Does Red Wine Vinegar Go Bad?

Made by fermentation of red wine until it becomes sour, red wine vinegar is a must-have condiment in the kitchen. Red wine vinegar can brighten up your dishes instantly by adding a bit of acidity and sweetness to practically anything, right from salads to meats, soups, eggs, marinades, vinaigrettes, and more.
And, if you have an unused bottle of red wine vinegar that has been lying around for quite a while, you may be hesitant to use it for the fear that it may have gone bad. So, does red wine vinegar get spoiled? Is it safe to use red wine vinegar that is past its expiration date? We will answer all your questions in our article.

Does Red Wine Vinegar Have a “Best-By” Date?

Red wine vinegar, like other items, has an expiration date on the label that informs you of how long the vinegar will maintain its highest quality and freshness.
This “best before” date, nevertheless, is merely an approximation. Red wine vinegar is a fermented product, and because of its acidity, it resists bacterial development and keeps from spoiling.
In conclusion, even if the bottle is opened and kept in the cupboard, red wine vinegar has an infinite shelf life and can survive for many years. Red wine vinegar’s quality and distinctive flavor can, however, deteriorate over time, becoming less zesty and bland.

Storing Red Wine Vinegar

Like other kinds of vinegar like balsamic vinegar, apple cider vinegar, etc., once opened, red wine vinegar also need not be kept in the refrigerator.
It is perfectly fine to keep the bottle of red wine vinegar in a cool, dark place away from heat and sunlight like your pantry or in the kitchen cupboard. However, once you open the vinegar bottle, make sure to seal it tightly after use.

How to Make Out if Red Wine Vinegar Has Got Spoiled?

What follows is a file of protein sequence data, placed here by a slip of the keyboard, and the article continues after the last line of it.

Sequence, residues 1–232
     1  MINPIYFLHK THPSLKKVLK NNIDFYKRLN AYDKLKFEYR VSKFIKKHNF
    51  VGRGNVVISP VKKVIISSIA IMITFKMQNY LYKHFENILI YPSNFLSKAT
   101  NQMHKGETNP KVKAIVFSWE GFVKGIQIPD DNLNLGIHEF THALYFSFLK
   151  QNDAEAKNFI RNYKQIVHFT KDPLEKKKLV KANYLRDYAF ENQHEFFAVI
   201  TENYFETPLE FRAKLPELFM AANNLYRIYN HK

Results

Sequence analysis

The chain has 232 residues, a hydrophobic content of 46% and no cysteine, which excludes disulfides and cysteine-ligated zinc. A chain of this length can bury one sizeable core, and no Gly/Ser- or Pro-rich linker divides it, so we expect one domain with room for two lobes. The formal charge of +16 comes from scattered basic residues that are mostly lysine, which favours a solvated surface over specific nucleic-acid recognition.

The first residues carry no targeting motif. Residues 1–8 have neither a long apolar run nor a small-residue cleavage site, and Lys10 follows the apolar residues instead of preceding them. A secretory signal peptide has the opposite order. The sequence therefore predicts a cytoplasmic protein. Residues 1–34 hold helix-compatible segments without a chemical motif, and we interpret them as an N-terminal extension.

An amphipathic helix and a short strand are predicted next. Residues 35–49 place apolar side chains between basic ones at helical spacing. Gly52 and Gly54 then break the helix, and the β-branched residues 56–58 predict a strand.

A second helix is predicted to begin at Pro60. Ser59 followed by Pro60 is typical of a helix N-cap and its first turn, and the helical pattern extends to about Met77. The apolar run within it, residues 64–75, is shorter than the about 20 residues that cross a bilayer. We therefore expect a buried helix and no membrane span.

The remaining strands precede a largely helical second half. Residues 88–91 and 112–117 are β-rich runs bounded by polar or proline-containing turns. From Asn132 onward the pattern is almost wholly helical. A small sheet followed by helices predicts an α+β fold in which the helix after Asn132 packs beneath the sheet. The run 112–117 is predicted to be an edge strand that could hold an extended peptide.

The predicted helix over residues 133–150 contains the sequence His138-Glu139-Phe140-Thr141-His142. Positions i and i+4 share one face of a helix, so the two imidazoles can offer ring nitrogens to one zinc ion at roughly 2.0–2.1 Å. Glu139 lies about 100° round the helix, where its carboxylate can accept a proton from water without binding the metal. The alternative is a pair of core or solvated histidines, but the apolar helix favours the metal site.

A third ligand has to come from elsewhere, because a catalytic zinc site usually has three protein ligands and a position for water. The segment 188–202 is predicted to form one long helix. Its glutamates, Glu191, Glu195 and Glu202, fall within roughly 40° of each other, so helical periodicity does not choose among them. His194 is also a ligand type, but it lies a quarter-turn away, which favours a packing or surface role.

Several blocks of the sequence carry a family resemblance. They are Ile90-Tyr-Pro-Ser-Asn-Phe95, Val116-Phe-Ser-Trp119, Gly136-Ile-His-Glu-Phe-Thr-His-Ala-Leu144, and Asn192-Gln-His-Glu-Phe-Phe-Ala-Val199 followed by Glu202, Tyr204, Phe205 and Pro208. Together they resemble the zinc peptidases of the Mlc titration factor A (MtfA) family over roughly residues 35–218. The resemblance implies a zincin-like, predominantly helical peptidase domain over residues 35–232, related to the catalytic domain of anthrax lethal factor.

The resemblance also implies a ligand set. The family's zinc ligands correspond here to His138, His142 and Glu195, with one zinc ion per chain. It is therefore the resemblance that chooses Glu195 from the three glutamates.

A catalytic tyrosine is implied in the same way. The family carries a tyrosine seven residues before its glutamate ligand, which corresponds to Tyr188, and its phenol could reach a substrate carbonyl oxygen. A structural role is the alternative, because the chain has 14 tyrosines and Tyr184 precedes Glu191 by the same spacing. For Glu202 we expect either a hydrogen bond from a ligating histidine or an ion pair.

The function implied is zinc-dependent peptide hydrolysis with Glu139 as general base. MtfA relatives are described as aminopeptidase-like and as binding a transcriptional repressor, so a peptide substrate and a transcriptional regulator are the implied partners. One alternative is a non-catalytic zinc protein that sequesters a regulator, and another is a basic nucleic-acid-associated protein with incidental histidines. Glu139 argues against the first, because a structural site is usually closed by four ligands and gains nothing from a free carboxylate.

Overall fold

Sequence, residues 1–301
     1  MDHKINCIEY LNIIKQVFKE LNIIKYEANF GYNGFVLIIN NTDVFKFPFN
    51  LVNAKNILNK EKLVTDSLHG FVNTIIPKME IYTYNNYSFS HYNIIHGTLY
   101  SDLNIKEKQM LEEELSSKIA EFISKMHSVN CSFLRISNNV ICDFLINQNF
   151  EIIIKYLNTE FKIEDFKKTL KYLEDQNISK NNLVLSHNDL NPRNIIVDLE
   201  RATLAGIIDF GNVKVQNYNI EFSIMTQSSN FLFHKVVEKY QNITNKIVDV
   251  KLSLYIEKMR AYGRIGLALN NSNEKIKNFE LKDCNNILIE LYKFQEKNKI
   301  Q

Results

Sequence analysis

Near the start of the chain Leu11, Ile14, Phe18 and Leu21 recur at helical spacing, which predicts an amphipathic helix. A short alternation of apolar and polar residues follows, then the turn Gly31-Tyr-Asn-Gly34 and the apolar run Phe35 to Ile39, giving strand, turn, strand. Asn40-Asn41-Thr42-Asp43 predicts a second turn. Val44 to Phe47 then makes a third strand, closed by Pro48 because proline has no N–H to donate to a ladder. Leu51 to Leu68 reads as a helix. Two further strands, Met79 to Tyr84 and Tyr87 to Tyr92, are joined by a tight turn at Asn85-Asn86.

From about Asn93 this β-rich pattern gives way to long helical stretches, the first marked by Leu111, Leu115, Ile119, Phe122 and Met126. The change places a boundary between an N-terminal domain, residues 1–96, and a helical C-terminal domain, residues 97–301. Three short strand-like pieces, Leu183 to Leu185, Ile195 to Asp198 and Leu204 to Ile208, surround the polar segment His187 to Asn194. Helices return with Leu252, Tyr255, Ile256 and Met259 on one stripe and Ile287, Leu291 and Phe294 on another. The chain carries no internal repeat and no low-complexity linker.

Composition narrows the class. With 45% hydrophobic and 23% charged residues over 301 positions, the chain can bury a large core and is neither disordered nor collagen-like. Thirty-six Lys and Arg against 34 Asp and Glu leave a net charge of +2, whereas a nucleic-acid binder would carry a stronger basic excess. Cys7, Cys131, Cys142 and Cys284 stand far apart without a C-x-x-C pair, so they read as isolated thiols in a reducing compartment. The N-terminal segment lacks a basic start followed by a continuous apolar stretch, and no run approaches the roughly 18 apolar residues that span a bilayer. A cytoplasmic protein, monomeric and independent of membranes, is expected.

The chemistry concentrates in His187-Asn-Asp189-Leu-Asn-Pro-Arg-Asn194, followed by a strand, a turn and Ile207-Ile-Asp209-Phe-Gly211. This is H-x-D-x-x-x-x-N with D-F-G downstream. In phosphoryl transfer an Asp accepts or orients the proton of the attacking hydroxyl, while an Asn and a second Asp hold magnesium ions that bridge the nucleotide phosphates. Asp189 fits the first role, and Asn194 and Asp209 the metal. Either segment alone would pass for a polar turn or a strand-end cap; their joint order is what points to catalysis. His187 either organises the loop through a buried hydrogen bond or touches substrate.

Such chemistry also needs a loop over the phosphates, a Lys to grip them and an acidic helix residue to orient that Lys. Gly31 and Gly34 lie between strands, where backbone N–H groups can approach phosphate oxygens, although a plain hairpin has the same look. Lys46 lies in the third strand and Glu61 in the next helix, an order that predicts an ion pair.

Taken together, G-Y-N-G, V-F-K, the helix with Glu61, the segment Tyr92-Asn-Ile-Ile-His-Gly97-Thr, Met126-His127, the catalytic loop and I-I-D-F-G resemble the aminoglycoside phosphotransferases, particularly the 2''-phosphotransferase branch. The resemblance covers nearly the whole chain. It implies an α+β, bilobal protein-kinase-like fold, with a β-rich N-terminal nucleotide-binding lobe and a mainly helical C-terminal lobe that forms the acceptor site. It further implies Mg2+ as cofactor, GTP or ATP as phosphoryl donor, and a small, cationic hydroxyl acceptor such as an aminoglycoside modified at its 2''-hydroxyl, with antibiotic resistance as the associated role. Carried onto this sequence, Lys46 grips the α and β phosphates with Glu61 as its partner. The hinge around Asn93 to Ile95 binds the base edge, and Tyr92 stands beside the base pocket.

Once you open the bottle of red wine vinegar, it will not get spoiled; however, over time, the quality of the vinegar degrades and it loses its freshness. You can determine the freshness of the red wine vinegar by its smell, color, and presence of the mother.

  • Smell: Generally, red wine vinegar has a strong, acidic smell that can make your nose itch and eyes water and over time, this strong smell starts to diminish.
  • Color: When it is fresh, red wine vinegar is deep red in color. However, over time, if the red wine vinegar has been exposed to sunlight and heat, its color will start fading and the vinegar will become a lot lighter. You can prevent the vinegar from losing its color by storing it properly in a cool and dark place. However, if the vinegar has a growth of the mother in it, it will turn murky.
  • Growth of the Mother: When you open the bottle of red wine vinegar and it has been in storage for a long time, a slimy or cloudy sediment forms at the bottom of the vinegar. This is known as the mother.

Although it looks gross, the mother is harmless and does not affect the red wine vinegar or its shelf life in any way. All you need to do is remove the mother by pouring the red wine vinegar through a strainer and using it as you would normally.


In conclusion, red wine vinegar has an indefinite shelf life and will last forever. Even if it is very old, red wine vinegar is perfectly safe to use. When stored for a very long time and opened very often, the color of the vinegar can change, become cloudy, and/or form a sediment at the bottom of the bottle.
You can simply strain these off and use the vinegar. However, if you notice that the vinegar is tasting or smelling a little off, then it is better to avoid using it for cooking purposes.

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